Over 100 years later, the cinema of attraction is still alive and indeed functioning as a component of narrative films. It survived over the decades, attracting audiences with each new innovation after another: the introduction of synchronized soundtracks, the creation of widescreen, 3-D, the rise of blockbuster practical effects, and more recently, the seemingly endless development of digital visual effects.

The rise of digital effects to become the cornerstone of the Hollywood blockbuster suggests that the swallowing power of the image surface has indeed survived and evolved with the cinema of attraction.  What’s intriguing about the current period is the sense of reversal accompanying the application of artificial effects. When the cinema was born in 1895, it immediately found a foothold with films based in reality. The “actualities” were a raging success for simply showing audiences elements of real life recorded by the camera.  Once Méliès began plying his trade, though, the cinema-as-magic-show model took off and became the most prevalent type of attraction until the narrative took over.[4] The cinema of attraction’s means of enthralling transferred from that of total realism, to that of artificiality. The digital effects-dependent film of the late 20th/ early 21st century has seemed to take the opposite path. What began as an obviously artificial creation (as seen in The Abyss or Terminator 2) has become the most indispensable feature of the 21st century’s blockbusters, not least because of efforts to make such effects appear more realistic.

As Lev Manovich points out, though, perceiving what is real is not the same as perceiving that which is photoreal, and it is only to the photoreal that the current effects-driven cinema really aspires.[5] The drive towards realism, of creating a seamless composite of the animated and the filmed with no visible seams, has itself been mirrored by recent efforts to craft blockbuster films that attempt to show the usual spectacles they’ve always shown, but without the glossy production values symptomatic of the Hollywood picture.  As the modern war film was turned upside down by the unhinged documentary aesthetic of Saving Private Ryan, and the horror film adopted a video-diary style (pioneered by The Blair Witch Project) so the epic period film, which we will be focusing on, embraced incoherent, hand-held visual styles, cold palettes, and graphic violence.  The past would be shown the way it was, warts and all.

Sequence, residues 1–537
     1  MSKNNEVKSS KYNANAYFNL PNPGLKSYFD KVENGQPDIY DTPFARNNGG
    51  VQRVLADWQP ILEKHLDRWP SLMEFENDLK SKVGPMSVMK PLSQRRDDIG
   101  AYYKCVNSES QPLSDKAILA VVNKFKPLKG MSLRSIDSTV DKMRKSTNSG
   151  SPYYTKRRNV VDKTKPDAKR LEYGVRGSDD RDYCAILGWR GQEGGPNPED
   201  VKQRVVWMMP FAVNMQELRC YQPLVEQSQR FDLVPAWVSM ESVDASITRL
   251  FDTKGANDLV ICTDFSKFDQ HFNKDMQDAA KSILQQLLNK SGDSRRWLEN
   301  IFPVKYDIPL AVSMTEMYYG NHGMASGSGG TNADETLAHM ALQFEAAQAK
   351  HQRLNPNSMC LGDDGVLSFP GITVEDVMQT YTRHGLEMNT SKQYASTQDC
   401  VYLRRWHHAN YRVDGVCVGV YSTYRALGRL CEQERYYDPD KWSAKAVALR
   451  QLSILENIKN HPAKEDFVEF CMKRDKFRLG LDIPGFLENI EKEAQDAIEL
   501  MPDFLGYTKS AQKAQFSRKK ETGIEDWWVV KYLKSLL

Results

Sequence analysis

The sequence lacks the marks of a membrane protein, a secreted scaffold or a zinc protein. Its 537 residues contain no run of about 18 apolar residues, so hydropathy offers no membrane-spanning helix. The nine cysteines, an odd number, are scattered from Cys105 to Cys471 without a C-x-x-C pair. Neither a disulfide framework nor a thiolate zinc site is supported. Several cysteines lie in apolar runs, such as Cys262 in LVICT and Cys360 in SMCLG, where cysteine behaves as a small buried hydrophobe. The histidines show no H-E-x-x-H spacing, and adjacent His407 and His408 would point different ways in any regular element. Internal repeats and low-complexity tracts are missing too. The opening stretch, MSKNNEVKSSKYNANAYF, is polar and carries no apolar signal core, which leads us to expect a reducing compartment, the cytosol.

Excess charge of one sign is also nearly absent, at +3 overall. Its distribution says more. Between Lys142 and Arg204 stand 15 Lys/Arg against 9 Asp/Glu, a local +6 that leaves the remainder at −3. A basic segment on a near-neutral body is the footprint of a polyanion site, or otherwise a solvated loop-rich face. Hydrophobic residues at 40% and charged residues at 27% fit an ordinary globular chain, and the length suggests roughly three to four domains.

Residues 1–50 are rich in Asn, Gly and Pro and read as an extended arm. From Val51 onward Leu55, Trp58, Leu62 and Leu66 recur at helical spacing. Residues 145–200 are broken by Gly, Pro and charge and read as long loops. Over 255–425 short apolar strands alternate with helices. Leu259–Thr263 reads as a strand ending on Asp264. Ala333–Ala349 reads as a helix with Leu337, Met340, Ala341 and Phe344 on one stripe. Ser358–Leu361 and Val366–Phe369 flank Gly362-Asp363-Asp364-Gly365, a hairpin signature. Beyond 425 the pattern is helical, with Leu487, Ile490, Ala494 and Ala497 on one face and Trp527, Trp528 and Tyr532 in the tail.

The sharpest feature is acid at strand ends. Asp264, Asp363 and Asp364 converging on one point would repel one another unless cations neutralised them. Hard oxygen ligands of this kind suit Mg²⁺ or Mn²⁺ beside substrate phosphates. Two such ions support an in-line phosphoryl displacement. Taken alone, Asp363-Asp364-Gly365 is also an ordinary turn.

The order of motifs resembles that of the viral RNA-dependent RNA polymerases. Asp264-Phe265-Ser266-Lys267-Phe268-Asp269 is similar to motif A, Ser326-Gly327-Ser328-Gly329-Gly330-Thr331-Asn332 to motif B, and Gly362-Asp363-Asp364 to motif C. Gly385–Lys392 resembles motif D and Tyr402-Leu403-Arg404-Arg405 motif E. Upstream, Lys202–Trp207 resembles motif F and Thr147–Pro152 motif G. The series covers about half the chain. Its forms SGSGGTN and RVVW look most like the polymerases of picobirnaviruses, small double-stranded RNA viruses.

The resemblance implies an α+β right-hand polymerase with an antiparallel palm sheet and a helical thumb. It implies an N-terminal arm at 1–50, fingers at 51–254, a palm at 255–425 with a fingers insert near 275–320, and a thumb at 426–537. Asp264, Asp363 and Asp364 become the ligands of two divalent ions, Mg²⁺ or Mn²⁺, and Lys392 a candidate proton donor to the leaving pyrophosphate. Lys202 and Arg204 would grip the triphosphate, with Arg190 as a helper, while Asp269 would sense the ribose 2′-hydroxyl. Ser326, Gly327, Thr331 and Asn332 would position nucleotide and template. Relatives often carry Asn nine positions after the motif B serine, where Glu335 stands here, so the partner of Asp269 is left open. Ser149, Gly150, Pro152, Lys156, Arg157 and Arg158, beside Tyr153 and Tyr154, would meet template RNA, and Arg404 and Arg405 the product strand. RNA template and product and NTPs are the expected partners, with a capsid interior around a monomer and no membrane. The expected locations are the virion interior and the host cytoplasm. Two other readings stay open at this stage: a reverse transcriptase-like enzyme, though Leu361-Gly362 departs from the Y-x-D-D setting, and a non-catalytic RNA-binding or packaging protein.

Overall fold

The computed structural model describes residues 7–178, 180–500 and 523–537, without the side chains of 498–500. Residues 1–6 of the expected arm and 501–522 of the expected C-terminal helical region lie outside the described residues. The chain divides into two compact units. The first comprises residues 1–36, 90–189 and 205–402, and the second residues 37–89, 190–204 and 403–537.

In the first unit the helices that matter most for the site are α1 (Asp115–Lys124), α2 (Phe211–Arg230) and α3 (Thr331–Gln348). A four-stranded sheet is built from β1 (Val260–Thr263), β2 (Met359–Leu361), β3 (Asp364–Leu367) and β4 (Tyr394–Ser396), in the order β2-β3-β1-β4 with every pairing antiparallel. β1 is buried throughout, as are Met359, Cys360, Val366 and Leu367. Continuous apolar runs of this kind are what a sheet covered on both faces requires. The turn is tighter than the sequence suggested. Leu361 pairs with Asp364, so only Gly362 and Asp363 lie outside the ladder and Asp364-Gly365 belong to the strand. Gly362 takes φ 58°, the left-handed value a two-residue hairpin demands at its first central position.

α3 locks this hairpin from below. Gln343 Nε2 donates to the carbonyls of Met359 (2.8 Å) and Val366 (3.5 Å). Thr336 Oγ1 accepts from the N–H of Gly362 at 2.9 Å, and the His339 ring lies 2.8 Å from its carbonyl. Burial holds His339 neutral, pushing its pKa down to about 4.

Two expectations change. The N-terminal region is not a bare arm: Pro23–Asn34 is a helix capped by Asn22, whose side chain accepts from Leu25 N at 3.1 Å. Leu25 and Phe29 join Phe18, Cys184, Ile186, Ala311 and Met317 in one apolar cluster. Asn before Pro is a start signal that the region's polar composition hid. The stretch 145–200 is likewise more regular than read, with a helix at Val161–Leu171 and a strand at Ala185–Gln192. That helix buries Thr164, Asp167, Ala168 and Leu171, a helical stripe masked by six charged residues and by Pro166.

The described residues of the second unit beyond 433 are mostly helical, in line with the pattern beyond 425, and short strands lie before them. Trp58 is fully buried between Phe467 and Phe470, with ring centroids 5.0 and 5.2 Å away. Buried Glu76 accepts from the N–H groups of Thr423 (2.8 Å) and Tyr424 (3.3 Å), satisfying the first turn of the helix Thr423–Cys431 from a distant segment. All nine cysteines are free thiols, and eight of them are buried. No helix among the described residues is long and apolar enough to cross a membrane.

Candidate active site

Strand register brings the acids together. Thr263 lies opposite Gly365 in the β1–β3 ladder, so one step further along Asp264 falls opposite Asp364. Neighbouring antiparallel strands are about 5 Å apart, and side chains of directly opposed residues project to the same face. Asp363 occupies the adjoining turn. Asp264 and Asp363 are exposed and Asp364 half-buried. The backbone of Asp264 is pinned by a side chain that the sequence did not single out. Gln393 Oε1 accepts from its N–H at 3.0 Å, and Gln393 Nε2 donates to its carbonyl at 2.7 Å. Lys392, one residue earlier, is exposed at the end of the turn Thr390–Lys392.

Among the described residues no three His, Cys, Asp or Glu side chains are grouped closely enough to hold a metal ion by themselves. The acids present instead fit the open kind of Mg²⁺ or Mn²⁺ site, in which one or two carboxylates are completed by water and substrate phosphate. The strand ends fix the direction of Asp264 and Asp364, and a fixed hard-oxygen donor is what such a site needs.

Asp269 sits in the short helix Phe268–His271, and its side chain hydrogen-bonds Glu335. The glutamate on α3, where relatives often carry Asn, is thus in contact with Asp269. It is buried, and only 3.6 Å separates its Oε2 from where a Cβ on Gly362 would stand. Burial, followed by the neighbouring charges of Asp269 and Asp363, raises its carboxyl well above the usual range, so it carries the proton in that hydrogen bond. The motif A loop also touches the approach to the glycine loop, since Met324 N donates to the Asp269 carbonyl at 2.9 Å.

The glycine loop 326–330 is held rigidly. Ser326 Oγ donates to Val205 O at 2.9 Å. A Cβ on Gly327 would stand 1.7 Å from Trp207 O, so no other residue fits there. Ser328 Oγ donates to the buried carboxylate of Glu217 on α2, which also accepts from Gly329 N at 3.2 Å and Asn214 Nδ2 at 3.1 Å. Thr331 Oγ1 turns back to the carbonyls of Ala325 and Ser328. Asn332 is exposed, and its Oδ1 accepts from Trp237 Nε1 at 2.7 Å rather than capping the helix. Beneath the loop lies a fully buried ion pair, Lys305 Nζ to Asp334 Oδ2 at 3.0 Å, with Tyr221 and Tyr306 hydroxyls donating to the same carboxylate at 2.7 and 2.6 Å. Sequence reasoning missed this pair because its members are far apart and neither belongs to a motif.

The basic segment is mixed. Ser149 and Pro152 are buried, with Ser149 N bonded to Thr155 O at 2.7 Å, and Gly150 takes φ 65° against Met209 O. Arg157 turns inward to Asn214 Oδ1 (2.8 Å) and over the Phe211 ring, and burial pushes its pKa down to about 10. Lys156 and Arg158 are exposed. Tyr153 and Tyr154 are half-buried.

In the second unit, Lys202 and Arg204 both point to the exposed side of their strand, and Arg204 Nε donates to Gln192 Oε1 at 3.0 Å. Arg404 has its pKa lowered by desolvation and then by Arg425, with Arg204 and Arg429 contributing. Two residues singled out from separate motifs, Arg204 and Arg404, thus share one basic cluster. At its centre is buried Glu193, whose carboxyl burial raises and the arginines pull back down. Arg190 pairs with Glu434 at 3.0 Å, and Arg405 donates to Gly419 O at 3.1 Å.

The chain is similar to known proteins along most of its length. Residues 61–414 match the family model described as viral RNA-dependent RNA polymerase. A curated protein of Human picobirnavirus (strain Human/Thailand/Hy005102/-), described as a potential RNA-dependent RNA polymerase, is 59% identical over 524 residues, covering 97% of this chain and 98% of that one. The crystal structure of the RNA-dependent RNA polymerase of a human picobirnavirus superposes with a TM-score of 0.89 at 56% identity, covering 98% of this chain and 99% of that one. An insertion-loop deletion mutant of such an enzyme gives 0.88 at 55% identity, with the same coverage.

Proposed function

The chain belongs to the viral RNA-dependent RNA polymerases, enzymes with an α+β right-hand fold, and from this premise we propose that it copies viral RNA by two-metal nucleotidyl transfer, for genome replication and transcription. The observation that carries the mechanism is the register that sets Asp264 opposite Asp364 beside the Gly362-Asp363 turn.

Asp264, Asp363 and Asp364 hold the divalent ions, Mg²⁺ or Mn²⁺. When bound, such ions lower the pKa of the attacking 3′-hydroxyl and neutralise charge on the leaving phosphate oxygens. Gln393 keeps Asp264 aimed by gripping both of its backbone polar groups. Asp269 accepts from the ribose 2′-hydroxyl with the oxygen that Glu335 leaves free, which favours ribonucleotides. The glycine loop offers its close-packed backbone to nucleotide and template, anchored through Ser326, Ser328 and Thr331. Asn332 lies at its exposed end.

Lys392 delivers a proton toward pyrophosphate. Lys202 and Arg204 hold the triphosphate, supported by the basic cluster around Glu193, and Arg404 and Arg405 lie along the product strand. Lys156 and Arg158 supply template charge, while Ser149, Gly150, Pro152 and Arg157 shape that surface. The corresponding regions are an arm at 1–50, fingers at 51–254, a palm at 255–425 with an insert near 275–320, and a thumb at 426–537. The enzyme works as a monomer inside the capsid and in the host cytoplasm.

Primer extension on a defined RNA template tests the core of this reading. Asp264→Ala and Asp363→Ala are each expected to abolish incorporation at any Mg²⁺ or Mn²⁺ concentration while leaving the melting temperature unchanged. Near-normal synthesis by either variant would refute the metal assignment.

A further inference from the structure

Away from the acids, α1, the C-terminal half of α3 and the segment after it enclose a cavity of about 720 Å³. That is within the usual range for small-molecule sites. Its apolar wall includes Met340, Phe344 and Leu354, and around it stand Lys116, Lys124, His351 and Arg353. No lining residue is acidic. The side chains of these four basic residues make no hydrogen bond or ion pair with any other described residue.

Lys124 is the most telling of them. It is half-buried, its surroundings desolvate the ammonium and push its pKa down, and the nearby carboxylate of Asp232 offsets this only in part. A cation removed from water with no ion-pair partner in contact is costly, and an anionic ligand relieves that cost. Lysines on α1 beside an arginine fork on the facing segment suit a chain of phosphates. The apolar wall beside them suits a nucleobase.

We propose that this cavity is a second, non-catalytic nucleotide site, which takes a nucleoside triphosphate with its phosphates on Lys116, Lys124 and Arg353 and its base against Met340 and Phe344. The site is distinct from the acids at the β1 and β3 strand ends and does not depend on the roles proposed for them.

In my video essay “Battle Surfaces,” I chronicle the visual progression of the epic battle sequence in cinema. For the purposes of my study, I’m focusing only on depictions of battles where the use of gunpowder and firearms is either completely absent, or very minimal.[6] The blueprint of the standard epic-scale battle sequence is laid down in Alexander Nevsky (1936). Sergei Eisenstein’s combination of wide shots of crowds charging each other with close-ups of hacking and slashing, filling the frame with constant busyness, set the standard for how a battle would build peaks and valleys of movement and emotion. This is a pattern repeated again and again over the decades, particularly in Hollywood’s 1960s sword-and-sandal epics (Spartacus, El Cid, The Fall of the Roman Empire), and continued with updated brutality in Braveheart (1995) and Gladiator (2000). What all of these films have in common, is the use of real human extras to populate the wide shots. There may be hundreds (or in the case of Spartacus, thousands) of men on screen, but most films attempting to recreate a battle involving tens of thousands must rely on the power of implication, of the sense of offscreen space created by the moving frame.[7] Such attempts at conveying the sense of battle were not helped by limp fighting styles (see the 60s’ films for examples) and clean coverage of the action. Every angle of every battle shot could be attributed to a human perspective of some kind; even the usual crane shot carries an implicit knowledge of limitation within itself, rarely rising high enough or moving forward in a way that doesn’t necessarily preclude human movement.